I wrote about climate sensitivity a while back, and for those who are new to this term, it refers to the assumption that while human activity in clearing forests, making cement and burning fossil fuels adds to the carbon dioxide in the air, that addition is multiplied by something else, which is the ‘sensitivity’ of the climate system to that increase. Climate sensitivity (I’ll call it CS from now on) is assumed also to be positive — that is, the effect of CO2 is magnified, not minimised. If you want to know more — and there is more to know — click on the link above.
CS is most important in the policy debate about what to do about whatever anthropogenic global warming (AGW) there is, because the Inter-governmental Panel on Climate Change (IPCC) has steadfastly kept to the view that the power of CS ranges between 1.5 and 4.5 degrees C for a doubling of atmospheric carbon dioxide. It is widely accepted that by itself a doubling of CO2 would lead, all other things being equal, to a rise in average global temperature of about 1.1 degrees C. If CS were, say, 3, then a doubling would lead to an increase of 3.3 degrees or thereabouts. I’ve written about all this before, and want quickly to pass to the new material.
Many readers will know that one of the many ‘explanations’ offered for the failure of the climate models to have predicted the ‘hiatus’ in global warming is the presence of ‘aerosols’ in the atmosphere that are thought to mask the warming. Areosols are colloids, that is, fine particles evenly distributed in suspension in a liquid. Fog is an example, as are clouds themselves, dust in the atmosphere, and of course chemicals of various kinds that are emitted through chimneys and in other ways. The orthodox argument is that while CO2 has continued to increase, its effect has been masked by a growth in aerosols, especially from industrial activity in China and India.
Areosols are exceedingly hard to measure (just think of clouds, which even now the IPCC accepts we know much less about than we ought), and the orthodox argument has gone more or less untested. Until now. Bjorn Stevens, an American who now works at the Max-Planck Institute for Meteorology at Hamburg, is highly respected in his field, and contributed to the IPCC’s AR5. He is not a sceptic about what he calls ‘robust evidence of an anthropogenic influence on climate’. But his very recent paper, only the abstract of which I have read, has caused a great deal of debate.
Stevens called his paper ‘Rethinking the lower bound on aerosol radiative forcing’, and to do it he used as much observational evidence as possible, though models also played their part. The outcome is a strong suggestion that aerosols aren’t all that important. If CS is large, then the effect of aerosols has to be large too, otherwise there would be no masking of the effect of CO2; if the effect of aerosols is small, then CS cannot be large — at least, if it is, then there has to be another powerful masking effect, unknown and unmeasured as yet.
And Stevens found that indeed the likely effect of aerosols was small. He left it at that, but Nic Lewis, who has a real interest in this topic (see again the first link above) took Stevens’s results and interpolated them into his own work, to produce the following graph. The shaded portion represents the IPCC’s estimate of the range of ‘equilibrium climate sensitivity’ (ECS), which you can think of as the long-term change in average global temperature caused by a doubling of CO2. There is a comparable graph for ‘transient climate sensitivity’ (TCS), which is the short-term effect of a doubling, but one is enough here.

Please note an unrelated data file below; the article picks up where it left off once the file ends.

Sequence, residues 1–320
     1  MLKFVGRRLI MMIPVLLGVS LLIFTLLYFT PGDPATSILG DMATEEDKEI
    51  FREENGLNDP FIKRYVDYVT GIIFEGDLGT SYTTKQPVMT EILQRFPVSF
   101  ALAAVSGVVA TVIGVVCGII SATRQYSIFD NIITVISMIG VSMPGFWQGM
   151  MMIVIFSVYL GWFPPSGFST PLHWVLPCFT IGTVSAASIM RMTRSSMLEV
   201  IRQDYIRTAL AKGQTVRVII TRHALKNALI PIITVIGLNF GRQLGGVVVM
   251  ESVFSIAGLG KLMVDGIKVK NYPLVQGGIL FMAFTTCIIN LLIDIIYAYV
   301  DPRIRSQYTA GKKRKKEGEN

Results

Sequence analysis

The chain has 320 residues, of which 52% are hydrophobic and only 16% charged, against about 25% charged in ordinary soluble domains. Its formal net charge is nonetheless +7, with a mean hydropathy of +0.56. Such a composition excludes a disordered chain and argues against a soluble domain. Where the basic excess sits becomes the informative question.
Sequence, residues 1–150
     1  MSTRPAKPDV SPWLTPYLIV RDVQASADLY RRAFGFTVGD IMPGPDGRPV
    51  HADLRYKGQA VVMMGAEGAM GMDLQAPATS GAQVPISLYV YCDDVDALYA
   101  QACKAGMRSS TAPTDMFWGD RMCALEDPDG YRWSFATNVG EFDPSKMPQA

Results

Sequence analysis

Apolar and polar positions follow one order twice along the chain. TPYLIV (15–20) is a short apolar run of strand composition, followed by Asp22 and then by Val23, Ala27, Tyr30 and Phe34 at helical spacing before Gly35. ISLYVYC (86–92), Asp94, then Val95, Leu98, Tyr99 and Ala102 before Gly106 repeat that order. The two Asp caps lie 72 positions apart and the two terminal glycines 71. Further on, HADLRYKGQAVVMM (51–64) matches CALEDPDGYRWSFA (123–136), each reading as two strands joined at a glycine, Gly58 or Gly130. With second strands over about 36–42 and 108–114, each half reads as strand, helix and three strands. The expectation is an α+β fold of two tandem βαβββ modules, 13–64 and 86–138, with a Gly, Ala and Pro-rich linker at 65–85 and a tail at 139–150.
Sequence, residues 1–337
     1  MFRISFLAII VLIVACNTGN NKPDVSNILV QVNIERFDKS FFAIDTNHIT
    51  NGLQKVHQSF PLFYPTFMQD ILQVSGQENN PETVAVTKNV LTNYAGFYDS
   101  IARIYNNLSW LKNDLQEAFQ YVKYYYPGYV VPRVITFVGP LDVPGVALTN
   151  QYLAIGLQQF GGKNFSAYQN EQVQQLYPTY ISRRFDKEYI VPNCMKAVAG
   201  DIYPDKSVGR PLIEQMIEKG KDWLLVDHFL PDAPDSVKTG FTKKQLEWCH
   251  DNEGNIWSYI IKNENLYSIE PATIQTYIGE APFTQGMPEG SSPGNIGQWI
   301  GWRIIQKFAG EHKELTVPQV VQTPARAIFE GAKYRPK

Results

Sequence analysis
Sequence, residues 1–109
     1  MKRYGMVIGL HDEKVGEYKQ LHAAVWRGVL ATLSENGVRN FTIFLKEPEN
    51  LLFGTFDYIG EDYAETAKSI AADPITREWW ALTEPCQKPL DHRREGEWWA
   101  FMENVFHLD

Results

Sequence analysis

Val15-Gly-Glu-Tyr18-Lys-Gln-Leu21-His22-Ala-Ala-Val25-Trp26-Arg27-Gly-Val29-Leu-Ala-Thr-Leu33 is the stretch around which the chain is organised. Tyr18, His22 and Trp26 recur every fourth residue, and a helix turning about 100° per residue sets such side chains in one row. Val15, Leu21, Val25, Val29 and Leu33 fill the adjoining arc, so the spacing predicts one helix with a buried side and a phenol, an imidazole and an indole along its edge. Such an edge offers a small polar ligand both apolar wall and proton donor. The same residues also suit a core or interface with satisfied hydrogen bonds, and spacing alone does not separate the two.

The base and final periods are time intervals thought to be similar in terms of volcanic activity and ocean heat content (again, see the first link above for more information). What is plain from the graph is that Stevens’s work, employed by Lewis, shows a likely distribution of CS outcomes than are closer to 1 than to even the lower bound of the IPCC’s wide range.
A couple of sceptic sites have said that this work puts paid to the whole ‘climate change’ endeavour. I don’t think so. It is simply another paper, well-worked so far as I read the critiques, that attacks this most central proposition in climate science. Lewis himself says that there is a lot of work still to be done, and that, as always, the findings are tentative. What is important, at least to me, is that the author of the aerosol work comes from within the climate club. It seems that he first tried to get the paper published in Nature, where it was rejected. Fortunately, he persevered.
As I write, there is a conference going on in Germany about the whole question of climate sensitivity, and I expect to see some outcomes in the blogosphere pretty soon. Interestingly, Nic Lewis is one of the participants, and Bjorn Stevens is one of the convenors. So far, as far as I can tell, Stevens has not commented on Lewis’s use of his aerosol paper.
Why make such a fuss about a single paper? Well, to repeat, CS is at the heart of the AGW scare, The slow and irregular warming that the planet has experienced over the past century has been, so far as anyone can tell, a boon, not a worry. Worry would only come if warming were to race away, and we were to experience say 4 degrees C of warming over the present century. There seems no present danger of that occurring, but the prospect is frequently trotted out by the orthodox.
And the basis for it is the high bound of the IPCC’s range for CS. Without that, there is no support for a climate apocalypse at all — at least one that points to a hot future rather than a cold one. Hence the importance of the Stevens + Lewis papers, and the need to understand what they are saying. I’ll report on the German conference when there is something to say.